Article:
Kucherov won the Ted Lindsay Award as the league's most outstanding player as voted by his peers. That's not entirely surprising considering the season Kucherov had in Tampa. The Russian winger won the Art Ross Trophy with a league-leading 128 points, finishing the year with a career-best 41 goals and 87 assists.
James Norris Memorial Trophy: Mark Giordano
Giordano posted a career-best 74 points, second most among defensemen this season. The Flames defenseman logged over 24 minutes a night and had a 57 percent attempt share at even strength. He also had a 61 percent goal share at even strength while going up against top competition. His +39 rating was tops among all players in the league.
Bill Masterton Memorial Trophy: Robin Lehner
The New York Islanders goalie took home the Masterton Trophy as the "player who best exemplifies the qualities of perseverance, sportsmanship, and dedication to ice hockey." It was almost a no-brainer.
After signing a one-year deal with the New York Islanders last offseason, Lehner revealed an intense battle with substance abuse and bipolar disorder that almost derailed his life and career. He got help, opened up about his fight, and then all he did was submit the best season of his career, winning 25 games with a .930 save percentage and 2.13 goals-against average. It was enough to earn him a Vezina nomination as well.
Before Wednesday's event, Lehner said winning the Masterton would be more meaningful to him than winning the Vezina.
"Both are fun, but the Masterton means a lot more to me and my wife and my kids," Lehner said, according to TSN's Frank Seravalli. "Just being nominated for that award is huge for me and my family. I think it's huge for everyone that's been supporting me, too."
Frank J. Selke Trophy: Ryan O'Reilly
In his first nomination, O'Reilly secures his first Selke as the league's best defensive forward. He led all Blues forwards in goal share (59 percent), plus-minus (+22) and average ice time per game (20:46). He also led the NHL in faceoff wins (1,086) for the second straight season, joining Boston's Patrice Bergeron as the only player to win more than 1,000 faceoffs in four straight seasons since the stat was introduced in 1997.
Mark Stone finished as Selke runner-up while Bergeron finished third.
Jack Adams Award: Barry Trotz
Trotz earns the Jack Adams as the league's top coach in his first season with the Islanders. Trotz led a stunning turnaround on Long Island that saw the Islanders make a 23-point improvement from last season, going from the league's worst defensive team to the best in terms of goals allowed.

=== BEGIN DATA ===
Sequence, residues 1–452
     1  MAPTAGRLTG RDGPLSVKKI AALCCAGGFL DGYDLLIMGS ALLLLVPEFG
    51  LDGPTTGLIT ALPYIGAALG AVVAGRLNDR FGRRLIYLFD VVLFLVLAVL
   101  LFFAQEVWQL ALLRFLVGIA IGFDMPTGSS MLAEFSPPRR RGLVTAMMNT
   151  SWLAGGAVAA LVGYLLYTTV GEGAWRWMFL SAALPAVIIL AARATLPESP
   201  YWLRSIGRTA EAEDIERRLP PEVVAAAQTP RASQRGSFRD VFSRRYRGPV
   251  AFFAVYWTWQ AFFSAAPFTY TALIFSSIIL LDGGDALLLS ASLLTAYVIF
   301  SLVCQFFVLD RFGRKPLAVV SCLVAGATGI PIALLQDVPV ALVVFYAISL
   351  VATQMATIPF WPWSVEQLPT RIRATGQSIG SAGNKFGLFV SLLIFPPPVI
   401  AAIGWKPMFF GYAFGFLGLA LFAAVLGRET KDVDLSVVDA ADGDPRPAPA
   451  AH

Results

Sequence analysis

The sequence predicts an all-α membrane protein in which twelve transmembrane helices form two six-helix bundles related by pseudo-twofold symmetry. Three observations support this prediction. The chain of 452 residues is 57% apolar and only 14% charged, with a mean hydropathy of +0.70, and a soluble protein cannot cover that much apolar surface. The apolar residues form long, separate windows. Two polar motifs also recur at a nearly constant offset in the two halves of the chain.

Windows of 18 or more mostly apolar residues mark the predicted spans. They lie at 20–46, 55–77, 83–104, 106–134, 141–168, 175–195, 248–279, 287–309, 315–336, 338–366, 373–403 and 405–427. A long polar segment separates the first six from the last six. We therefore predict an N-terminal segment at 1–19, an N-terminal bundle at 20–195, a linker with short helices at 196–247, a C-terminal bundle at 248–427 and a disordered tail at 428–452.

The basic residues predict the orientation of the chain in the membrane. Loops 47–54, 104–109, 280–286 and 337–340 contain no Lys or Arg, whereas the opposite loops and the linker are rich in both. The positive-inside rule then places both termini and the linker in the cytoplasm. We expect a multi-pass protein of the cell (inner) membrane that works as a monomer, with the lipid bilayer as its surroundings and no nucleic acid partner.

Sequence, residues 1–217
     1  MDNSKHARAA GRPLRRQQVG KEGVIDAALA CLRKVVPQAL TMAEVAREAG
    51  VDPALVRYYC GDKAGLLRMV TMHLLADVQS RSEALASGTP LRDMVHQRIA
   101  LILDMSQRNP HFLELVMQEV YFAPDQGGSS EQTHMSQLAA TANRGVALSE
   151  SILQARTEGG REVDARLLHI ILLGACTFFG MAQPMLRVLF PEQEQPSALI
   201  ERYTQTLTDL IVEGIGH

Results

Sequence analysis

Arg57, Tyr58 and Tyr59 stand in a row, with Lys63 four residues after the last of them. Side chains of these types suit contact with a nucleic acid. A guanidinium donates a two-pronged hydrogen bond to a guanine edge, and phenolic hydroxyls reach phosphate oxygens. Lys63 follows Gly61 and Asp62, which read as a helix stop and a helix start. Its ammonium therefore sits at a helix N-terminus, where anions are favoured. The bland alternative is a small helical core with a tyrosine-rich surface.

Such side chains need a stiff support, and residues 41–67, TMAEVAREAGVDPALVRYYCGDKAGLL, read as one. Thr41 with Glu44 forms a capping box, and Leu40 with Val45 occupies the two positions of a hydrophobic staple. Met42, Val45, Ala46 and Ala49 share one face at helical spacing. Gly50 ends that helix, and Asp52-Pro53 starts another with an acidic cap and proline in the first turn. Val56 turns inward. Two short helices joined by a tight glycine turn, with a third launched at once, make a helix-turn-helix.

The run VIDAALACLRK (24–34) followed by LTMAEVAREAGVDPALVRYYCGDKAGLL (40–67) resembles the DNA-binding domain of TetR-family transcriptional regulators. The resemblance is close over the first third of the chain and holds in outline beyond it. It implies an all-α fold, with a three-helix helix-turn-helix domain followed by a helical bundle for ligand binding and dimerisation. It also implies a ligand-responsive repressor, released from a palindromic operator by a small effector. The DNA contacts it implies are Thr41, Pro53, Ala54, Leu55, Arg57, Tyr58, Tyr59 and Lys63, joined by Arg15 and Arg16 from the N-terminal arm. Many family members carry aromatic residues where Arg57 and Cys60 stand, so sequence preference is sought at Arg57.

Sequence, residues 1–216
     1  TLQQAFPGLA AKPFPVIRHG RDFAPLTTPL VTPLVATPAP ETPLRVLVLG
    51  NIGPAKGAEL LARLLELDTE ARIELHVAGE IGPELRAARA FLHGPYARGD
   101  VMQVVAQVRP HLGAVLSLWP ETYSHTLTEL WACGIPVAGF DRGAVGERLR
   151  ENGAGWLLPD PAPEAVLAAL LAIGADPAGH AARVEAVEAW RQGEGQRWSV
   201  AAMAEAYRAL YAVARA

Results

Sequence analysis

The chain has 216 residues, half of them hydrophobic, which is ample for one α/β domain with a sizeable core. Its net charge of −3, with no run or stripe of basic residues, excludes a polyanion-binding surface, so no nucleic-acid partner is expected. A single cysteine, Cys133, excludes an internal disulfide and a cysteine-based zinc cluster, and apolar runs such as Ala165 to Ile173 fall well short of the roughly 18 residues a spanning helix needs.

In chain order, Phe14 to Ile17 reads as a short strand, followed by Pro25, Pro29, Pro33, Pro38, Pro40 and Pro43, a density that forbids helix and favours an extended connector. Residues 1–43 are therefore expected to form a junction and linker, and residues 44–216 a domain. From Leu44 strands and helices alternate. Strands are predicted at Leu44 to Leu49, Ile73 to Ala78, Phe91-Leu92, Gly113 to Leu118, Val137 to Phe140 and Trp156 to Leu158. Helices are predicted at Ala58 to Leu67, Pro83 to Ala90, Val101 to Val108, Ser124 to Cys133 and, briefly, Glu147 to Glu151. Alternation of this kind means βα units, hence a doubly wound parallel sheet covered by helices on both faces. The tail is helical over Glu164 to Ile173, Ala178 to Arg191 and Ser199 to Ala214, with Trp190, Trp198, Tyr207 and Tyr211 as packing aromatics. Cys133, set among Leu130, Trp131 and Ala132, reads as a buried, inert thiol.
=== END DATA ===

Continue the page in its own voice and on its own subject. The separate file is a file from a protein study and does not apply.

The award also comes a year after Trotz led the Washington Capitals to their first Stanley Cup title in franchise history. So, yeah, it has been a couple good years for that guy.
Vezina Trophy: Andrei Vasilevskiy
Vasilevskiy secures his first Vezina as the league's top goaltender following the best season of his three-year run as starter in Tampa. The 24-year-old Russian netminder won 39 games with the Bolts, posting a save percentage of .925 with a goals-against average of 2.40. The win comes after Vasilevskiy finished third in Vezina voting last season.
Ben Bishop finished second in voting while Lehner finished third.
Mark Messier Leadership Award: Wayne Simmonds
Nashville Predators forward Wayne Simmonds received the Messier Award, which is presented "to the player who exemplifies great leadership qualities to his team, on and off the ice, during the regular season and who plays a leading role in his community growing the game of hockey."
Simmonds has been a well-respected member of the hockey community for years, both on and off the ice. The veteran winger was very active in helping to grow the game and give back during his time in Philadelphia and continued those efforts even after being traded to Nashville this season.
Hart Memorial Trophy: Nikita Kucherov
Again, Kucherov had 128 points (41 goals and 87 assists) this season. It appears the voters weren't about to overthink things: Kucherov received 164 first-place votes among the 171 ballots cast, powering him to a landslide win over Sidney Crosby and Connor McDavid. He is your NHL MVP this season.